On July 30, 2015 Mr. Walker filed his Complaint against Mr. Suarez and Mr. Stoner in the Huerfano County Combined Courts. ECF No. 4. On September 9, 2015, the case was removed to federal court pursuant to 28 U.S.C § 1446. ECF No. 1. While the case was still before the Huerfano court, Mr. Walker filed an Amended Complaint alleging violations of 42 U.S.C. § 1983. ECF No. 5 ¶ 30. Specifically, Mr. Walker alleged that Mr. Suarez's and Mr. Stoner's actions in connection to his April 16, 2015 arrest and subsequent detention violated his Fourth Amendment right to be free from unreasonable seizure because neither Mr. Suarez nor Mr. Stoner had probable cause to issue an arrest warrant and arrest Mr. Walker. ECF Nos. 19, 21. Mr. Walker also alleged that Mr. Suarez and Mr. Stoner violated his First Amendment right to freedom of speech. Id. at ¶ 24-30. Both Mr. Suarez and Mr. Stoner subsequently filed Motions to Dismiss, arguing that Mr. Walker's claims should be dismissed on the following grounds: (1) both defendants are entitled to qualified immunity;[1] (2) Mr. Walker's first claim of relief for violations of his Fourth Amendment right fails to state a claim upon which relief may be granted; and (3) Mr. Walker's second claim of relief for violations of his First Amendment rights also fails to state a claim upon which relief may be granted.

II. STANDARD OF REVIEW

To survive a 12(b)(6) motion to dismiss, the complaint must contain "enough facts to state a claim to relief that is plausible on its face." Ridge at Red Hawk, L.L.C. v. Schneider, 493 F.3d 1174, 1177 (10th Cir. 2007) (quoting Bell Atlantic Corp. v. Twombly, 550 U.S. 544, 570 (2007)). A plausible claim is a claim that "allows the court to draw the reasonable inference that the defendant is liable for the misconduct alleged." Ashcroft v. Iqbal, 556 U.S. 662, 678 (2009). While the Court must accept the well-pleaded allegations of the complaint as true and construe them in the light most favorable to the plaintiff, Robbins v. Wilkie, 300 F.3d 1208, 1210 (10th Cir. 2002), purely conclusory allegations are not entitled to be presumed true, Iqbal, 556 U.S. at 681. However, so long as the plaintiff offers sufficient factual allegations such that the right to relief is raised above the speculative level, he has met the threshold pleading standard. See, e.g., Twombly, 550 U.S. at 556; Bryson v. Gonzales, 534 F.3d 1282, 1286 (10th Cir. 2008).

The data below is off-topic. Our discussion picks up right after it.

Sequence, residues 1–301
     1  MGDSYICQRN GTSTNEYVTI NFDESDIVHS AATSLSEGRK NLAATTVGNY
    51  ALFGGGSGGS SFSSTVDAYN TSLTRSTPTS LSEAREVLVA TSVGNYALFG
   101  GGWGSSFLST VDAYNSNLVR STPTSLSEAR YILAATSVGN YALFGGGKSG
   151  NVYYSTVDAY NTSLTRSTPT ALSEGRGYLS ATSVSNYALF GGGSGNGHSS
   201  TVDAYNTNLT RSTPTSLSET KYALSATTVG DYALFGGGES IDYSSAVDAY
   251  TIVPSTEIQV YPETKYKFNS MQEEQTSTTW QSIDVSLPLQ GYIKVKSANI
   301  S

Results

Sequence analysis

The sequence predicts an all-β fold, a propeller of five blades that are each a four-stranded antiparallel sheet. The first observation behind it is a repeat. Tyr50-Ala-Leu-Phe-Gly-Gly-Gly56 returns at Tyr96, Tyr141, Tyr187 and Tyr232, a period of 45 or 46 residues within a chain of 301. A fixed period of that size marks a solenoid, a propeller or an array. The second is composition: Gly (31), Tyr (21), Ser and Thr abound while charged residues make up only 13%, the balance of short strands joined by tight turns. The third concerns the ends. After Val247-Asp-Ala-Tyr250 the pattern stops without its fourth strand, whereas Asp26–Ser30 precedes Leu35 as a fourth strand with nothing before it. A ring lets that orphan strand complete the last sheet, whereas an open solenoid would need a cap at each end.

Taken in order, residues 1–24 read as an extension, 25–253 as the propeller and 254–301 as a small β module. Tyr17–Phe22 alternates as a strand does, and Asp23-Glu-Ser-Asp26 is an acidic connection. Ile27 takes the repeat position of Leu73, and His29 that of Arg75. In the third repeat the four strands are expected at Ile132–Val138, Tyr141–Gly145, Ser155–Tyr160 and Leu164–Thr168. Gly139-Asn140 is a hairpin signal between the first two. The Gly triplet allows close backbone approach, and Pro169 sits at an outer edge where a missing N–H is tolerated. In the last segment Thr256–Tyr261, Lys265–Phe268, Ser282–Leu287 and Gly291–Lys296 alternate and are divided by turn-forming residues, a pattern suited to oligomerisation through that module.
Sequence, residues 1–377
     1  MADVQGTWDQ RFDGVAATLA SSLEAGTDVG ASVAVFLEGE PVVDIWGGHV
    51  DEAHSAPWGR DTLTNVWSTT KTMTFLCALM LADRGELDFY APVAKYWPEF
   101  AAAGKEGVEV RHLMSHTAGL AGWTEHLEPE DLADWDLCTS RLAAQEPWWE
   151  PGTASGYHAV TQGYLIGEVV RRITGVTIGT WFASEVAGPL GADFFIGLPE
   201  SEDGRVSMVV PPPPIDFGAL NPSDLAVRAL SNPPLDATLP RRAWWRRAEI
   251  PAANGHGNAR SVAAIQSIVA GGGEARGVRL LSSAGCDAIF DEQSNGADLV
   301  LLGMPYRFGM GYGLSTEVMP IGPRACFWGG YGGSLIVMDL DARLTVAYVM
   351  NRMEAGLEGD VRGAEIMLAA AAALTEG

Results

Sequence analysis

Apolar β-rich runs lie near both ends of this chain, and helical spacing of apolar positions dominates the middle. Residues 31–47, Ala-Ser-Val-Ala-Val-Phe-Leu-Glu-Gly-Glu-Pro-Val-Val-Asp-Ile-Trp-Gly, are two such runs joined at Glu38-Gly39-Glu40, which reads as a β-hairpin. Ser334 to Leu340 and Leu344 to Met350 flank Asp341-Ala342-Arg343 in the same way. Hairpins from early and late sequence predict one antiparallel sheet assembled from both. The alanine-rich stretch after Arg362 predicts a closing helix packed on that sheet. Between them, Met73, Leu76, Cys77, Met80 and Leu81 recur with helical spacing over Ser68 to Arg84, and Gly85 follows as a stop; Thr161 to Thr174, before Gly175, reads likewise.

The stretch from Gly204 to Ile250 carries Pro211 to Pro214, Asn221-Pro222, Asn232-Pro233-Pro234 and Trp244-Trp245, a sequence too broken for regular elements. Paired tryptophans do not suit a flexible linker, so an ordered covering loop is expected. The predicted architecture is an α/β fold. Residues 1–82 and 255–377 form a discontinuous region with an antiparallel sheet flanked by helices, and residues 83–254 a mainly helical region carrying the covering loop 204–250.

III. ANALYSIS

A. Qualified Immunity.

Mr. Suarez and Mr. Stoner argue that they are entitled to qualified immunity. ECF No. 10, 11. Qualified immunity is "an immunity from suit rather than a mere defense to liability." Lewis v. Tripp, 604 F.3d 1221, 1225 (10th Cir. 2010) (internal quotations omitted). All public officials are presumed to have qualified immunity from suits for money damages, "except those who are plainly incompetent or those who knowingly violate the law.'" See Shimomura v. Carlson, No. 14-1418, 2015 WL 9466899, at *3 (10th Cir. 2015); see also Lewis, 604 F.3d at 1225 (discussing how qualified immunity is the norm' for public officials"). However, an "assertion of qualified immunity" may be overcome by a showing that (1) the public official "violated a federal statute or the U.S. Constitution and (2) the underlying rights were clearly established at the time of their alleged violation.'" Shimomura, 2015 WL 9466899 at *3. Considering this, "[i]n resolving a motion to dismiss based on qualified immunity, a court must consider whether the facts that a plaintiff has alleged [] make out a violation of a constitutional right, ' and whether the right at issue was clearly established at the time of the defendant's alleged misconduct.'" Leverington v. City of Colorado Springs, 643 F.3d 719, 732 (10th Cir. 2011) (quoting Pearson v. Callahan, 555 U.S. 223, 232 (2009)). ...